SEX AND VIOLENCE IN ZERO-G
Reviewed by Steven H Silver
There are several reasons for publishers to package single author collections, such as Allen Steele's third collection, Sex and Violence in Zero-G. One reason, is to collect, in more permanent form, an author's stories from a variety of more ephemeral magazine sources. A second reason to to collect several thematically linked stories. A third reason is to provide an outlet for previously unpublished fiction by the author. Meisha Merlin has succeeded with all three reasons in this collection.
Sex and Violence in Zero-G collects all of Allen Steele's "Near Space" stories in one place. These tales have been published over a period of ten years, beginning with Steele's first published story, "Live from the Mars Hotel" (Asimov's, Mid-December, 1988) to "The Exile of Evening Star" (Asimov's, January 1999). These stories fill in the gaps between the novels Steele has set in this same milieux. In addition to collecting these previously published stories, Meisha Merlin has included a previously unpublished story, "0.0G Sex: A User's Guide" and "The Weight," a novella which was published in the UK in 1995, but has been previously unavailable in the United States.
In addition to the stories themselves, Steele has included a short timeline of the "Near Space" cycle at the end of the book. Although the timeline is useful, it would have been even moreso had Steele included a notation of when the various books and short stories were set against the events. Steele also includes some diagrams of some of the space stations and ships which populate his world.
Although Steele doesn't include individual introductions to the stories, he more than makes up for that fact with a general introduction to the collection (Kevin J. Anderson also provides an introduction). In this note, Steele explains some of the background to the stories, not the fictional background, but his thoughts when he was formulating the stories.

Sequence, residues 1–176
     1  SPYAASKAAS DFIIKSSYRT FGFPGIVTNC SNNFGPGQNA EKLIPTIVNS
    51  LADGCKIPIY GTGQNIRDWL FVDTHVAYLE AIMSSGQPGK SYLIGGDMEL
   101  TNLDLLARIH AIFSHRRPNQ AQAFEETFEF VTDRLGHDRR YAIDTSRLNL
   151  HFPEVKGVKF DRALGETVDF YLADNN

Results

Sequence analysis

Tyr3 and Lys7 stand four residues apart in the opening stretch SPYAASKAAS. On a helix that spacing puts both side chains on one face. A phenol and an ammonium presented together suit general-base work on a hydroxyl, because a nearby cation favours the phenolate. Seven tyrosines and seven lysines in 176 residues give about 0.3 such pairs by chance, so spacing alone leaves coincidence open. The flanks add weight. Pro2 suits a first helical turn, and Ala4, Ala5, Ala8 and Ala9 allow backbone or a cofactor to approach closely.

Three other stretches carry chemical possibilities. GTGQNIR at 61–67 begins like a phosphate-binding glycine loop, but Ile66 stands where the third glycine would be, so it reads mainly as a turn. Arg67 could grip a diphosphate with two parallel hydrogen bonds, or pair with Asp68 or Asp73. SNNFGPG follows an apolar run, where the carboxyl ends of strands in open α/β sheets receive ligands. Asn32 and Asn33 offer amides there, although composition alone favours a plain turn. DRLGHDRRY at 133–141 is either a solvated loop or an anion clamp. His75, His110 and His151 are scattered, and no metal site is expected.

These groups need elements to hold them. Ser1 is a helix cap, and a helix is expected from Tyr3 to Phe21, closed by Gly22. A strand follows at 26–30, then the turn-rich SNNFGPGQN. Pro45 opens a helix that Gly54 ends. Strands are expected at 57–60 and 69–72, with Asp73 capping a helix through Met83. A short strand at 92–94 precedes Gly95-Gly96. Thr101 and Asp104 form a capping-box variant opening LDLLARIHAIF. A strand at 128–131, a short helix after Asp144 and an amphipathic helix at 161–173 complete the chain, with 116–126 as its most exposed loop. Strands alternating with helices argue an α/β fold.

All of the stories in Sex and Violence in Zero-G are entertaining as Steele blends high detail technical specifications with an understanding of pop culture. His characters may work in space, but they are firmly rooted in rock and roll, drinking and recreational drugs. Rather than populate space with the "Dudley-Do-Right, Square-Jawed, Steely-Eyed Missle Man" NASA parades in front of the camera's, Steele's spacemen have human foibles which makes them more approachable and understandable. All of the stories are worth reading and, of course, "The Death of Captain Future," a tribute to the Captain Future pulps, was rewarded with an Hugo Award for 1995.
The only negative aspect about this collection is the unfortunate choice of title. I've mentioned to book to several friends, some of whom have read Steele's work and others who haven't. Unless the person has read a considerable amount of his writing, their reaction is almost invariably that they wouldn't touch a book with that type of title. Its saving grace is that the Ron Miller cover is a tasteful space scene rather than a lurid, pulpish cover pandering to the title.
Despite the title, Sex and Violence in Zero-G is a book which belongs in the collection of any Allen Steele fan. Furthermore, it is a great book to provide an introduction to Steele's writings since so many of his stories are set against the same background. Relatively new publisher Meisha Merlin has produced a wonderful volume which deserves wide distribution.
|Walking on the Moon||The Weight|
|Free Beer and the William Casey Society||Kronos|
|The Return of Weird Frank||The Death of Captain Future|
|Sugar's Blues||The Exile of Evening Star|
|The Flying Triangle||0.0G Sex: A User's Guide|
|Live from the Mars Hotel||Working for Mr. Chicago|
|The War Memorial||Shepherd Moon|
|Zwarte Piet's Tale|
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